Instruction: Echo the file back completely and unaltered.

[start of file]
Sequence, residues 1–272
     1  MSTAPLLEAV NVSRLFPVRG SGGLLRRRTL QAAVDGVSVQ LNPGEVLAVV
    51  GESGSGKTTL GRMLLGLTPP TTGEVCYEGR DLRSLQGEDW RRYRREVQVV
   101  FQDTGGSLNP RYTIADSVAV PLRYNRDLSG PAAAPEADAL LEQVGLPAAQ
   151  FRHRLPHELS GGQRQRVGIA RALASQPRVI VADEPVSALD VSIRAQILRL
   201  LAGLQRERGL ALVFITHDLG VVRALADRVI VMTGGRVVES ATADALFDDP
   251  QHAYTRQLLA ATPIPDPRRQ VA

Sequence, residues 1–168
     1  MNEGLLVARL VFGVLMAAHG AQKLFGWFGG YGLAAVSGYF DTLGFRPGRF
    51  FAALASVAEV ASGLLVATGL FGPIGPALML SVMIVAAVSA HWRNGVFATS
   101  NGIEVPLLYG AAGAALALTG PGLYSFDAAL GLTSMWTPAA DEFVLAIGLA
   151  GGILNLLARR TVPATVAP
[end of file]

Sequence, residues 1–272
     1  MSTAPLLEAV NVSRLFPVRG SGGLLRRRTL QAAVDGVSVQ LNPGEVLAVV
    51  GESGSGKTTL GRMLLGLTPP TTGEVCYEGR DLRSLQGEDW RRYRREVQVV
   101  FQDTGGSLNP RYTIADSVAV PLRYNRDLSG PAAAPEADAL LEQVGLPAAQ
   151  FRHRLPHELS GGQRQRVGIA RALASQPRVI VADEPVSALD VSIRAQILRL
   201  LAGLQRERGL ALVFITHDLG VVRALADRVI VMTGGRVVES ATADALFDDP
   251  QHAYTRQLLA ATPIPDPRRQ VA

Sequence, residues 1–168
     1  MNEGLLVARL VFGVLMAAHG AQKLFGWFGG YGLAAVSGYF DTLGFRPGRF
    51  FAALASVAEV ASGLLVATGL FGPIGPALML SVMIVAAVSA HWRNGVFATS
   101  NGIEVPLLYG AAGAALALTG PGLYSFDAAL GLTSMWTPAA DEFVLAIGLA
   151  GGILNLLARR TVPATVAP